Mal de Débarquement syndrome (MdDS) is persistent dizziness, disequilibrium and rocking sensation (like being on a boat) on return to a stable environment (land) following motion adaptation. These symptoms last long after the trip instead of resolving within hour or days.
Meniere’s disease/syndrome is idiopathic and due to endolymphatic hydrops. It is characterised by fullness in the ear, episodic vertigo, and fluctuating hearing loss and tinnitus. Meniere’s syndrome is due to endolymphatic hydrops, which is secondary to various medical conditions that interfere with the reabsorption of the endolymph. For example, head trauma, whiplash injury, viral infections, autoimmune disorders, otosclerosis and thyroid disease. Some patients suffer from Meniere’s disease and Benign paroxysmal positioning vertigo simultaneously.
Motion sickness occurs when the central nervous system receives conflicting messages from the eyes, muscles and joints, the inner ears and skin pressure receptors. Some people experience nausea or vomiting when travelling in a boat, car, amusement park ride or aircraft.
Multi-sensory disequilibrium is a combination of visual (eyes), vestibular (ears) and proprioceptive (muscles and joints) deficits often seen in Diabetes mellitus and other peripheral poly-neuropathies.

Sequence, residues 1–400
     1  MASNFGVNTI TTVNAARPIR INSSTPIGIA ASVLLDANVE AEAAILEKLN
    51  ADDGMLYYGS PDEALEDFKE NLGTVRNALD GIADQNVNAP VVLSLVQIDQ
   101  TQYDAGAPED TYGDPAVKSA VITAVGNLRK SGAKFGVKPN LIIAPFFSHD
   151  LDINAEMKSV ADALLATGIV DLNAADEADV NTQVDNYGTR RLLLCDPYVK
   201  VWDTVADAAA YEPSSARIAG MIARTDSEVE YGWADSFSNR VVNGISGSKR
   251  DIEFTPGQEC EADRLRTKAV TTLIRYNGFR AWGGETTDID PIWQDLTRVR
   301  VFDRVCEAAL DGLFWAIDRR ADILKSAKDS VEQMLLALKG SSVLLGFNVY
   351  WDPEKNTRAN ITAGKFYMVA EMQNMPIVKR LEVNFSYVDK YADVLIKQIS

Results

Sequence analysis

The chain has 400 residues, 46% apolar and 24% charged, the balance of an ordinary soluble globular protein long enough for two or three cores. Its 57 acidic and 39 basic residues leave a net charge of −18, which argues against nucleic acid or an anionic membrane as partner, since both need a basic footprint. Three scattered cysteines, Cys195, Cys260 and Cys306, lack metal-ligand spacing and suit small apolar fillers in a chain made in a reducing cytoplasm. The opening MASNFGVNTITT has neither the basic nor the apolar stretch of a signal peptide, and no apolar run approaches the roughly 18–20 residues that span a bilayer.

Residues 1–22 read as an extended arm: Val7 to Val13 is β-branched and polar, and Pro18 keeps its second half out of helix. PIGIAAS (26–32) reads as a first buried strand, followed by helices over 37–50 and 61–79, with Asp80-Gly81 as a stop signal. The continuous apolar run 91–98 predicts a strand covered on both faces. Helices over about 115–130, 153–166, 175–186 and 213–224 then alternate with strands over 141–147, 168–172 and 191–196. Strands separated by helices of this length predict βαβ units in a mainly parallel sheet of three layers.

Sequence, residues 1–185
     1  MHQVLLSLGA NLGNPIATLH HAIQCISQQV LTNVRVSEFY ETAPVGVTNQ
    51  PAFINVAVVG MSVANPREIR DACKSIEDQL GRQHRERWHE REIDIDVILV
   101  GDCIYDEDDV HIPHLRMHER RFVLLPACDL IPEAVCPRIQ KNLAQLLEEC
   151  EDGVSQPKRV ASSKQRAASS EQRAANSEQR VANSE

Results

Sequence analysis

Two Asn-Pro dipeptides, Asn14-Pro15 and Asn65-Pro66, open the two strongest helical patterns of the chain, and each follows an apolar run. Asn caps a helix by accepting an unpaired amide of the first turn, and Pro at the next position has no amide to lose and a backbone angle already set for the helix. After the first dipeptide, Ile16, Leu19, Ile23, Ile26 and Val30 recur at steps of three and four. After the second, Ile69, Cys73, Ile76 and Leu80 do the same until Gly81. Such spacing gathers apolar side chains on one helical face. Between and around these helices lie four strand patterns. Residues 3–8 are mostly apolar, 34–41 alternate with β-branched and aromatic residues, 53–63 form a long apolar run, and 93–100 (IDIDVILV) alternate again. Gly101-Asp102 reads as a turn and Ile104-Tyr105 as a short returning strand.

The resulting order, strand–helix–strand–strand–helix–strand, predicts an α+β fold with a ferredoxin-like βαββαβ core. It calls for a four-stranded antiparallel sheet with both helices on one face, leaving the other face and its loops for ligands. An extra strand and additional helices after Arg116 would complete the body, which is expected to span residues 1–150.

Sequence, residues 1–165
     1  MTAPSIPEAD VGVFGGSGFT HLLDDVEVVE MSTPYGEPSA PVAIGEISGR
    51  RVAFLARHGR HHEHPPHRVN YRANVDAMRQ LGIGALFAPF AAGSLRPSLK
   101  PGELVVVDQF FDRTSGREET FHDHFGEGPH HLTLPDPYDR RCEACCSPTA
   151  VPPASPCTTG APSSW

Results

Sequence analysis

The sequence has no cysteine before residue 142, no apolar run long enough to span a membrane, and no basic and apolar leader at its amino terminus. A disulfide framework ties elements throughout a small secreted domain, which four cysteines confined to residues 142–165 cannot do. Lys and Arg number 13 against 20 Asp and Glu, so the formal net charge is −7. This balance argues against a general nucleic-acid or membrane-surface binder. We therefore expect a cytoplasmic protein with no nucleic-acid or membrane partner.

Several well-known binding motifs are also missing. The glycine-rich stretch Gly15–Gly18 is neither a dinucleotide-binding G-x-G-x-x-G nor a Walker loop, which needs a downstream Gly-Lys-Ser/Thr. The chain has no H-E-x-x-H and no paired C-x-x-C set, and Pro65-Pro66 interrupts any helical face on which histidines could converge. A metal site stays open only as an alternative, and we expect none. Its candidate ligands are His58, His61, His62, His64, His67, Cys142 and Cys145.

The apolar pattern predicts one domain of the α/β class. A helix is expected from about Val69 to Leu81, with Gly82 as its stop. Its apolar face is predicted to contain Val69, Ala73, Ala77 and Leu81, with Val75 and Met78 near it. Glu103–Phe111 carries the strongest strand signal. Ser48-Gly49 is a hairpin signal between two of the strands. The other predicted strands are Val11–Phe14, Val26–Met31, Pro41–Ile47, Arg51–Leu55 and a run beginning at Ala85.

Multiple sclerosis is a chronic disease of the central nervous system which causes demylination of the white matter and hence disruption of the nerve impulse. This disease affects balance and gait, and may cause dizziness and vertigo.
What is Vertigo & Nystagmus?
Otosclerosis is the abnormal growth of bone in the inner ear causing hearing loss. Some people with otosclerosis may experience dizziness, balance problems and tinnitus.
Ototoxicity is due to certain drugs (e.g. Gentamicin) or chemicals, which are toxic to the inner ear where the hearing (cochlear) and balance (vestibular) organs are located. Ototoxicity causes hearing and balance disturbances. These drugs may be used in patients with life-threatening infections and in the treatment of some cancers.
Parkinson’s disease is a disease of the central nervous system affecting the basal ganglia and specific chemicals in the brain causing balance and walking problems. These patients may experience vertigo and dizziness unrelated to Parkinson’s disease, and dizziness/light headedness as a result of medication.
Perilymph fistula is a direct communication between the inner and middle ear, usually through the round or oval windows.
Post-traumatic vertigo may be due to damage to the vestibular (balance) nerve or labyrinth (inner ear) by a haemorrhage or a fracture of the temporal bone (skull), concussion of the labyrinth, or otolith dysfunction where the otoconia (crystals) have been dislodged, with or without concurrent benign paroxysmal positioning vertigo.
Psychiatric dizziness occurs exclusively in combination with other symptoms as part of a recognized psychiatric symptoms cluster. For example, dizziness that is one of a cluster of symptoms of panic attacks.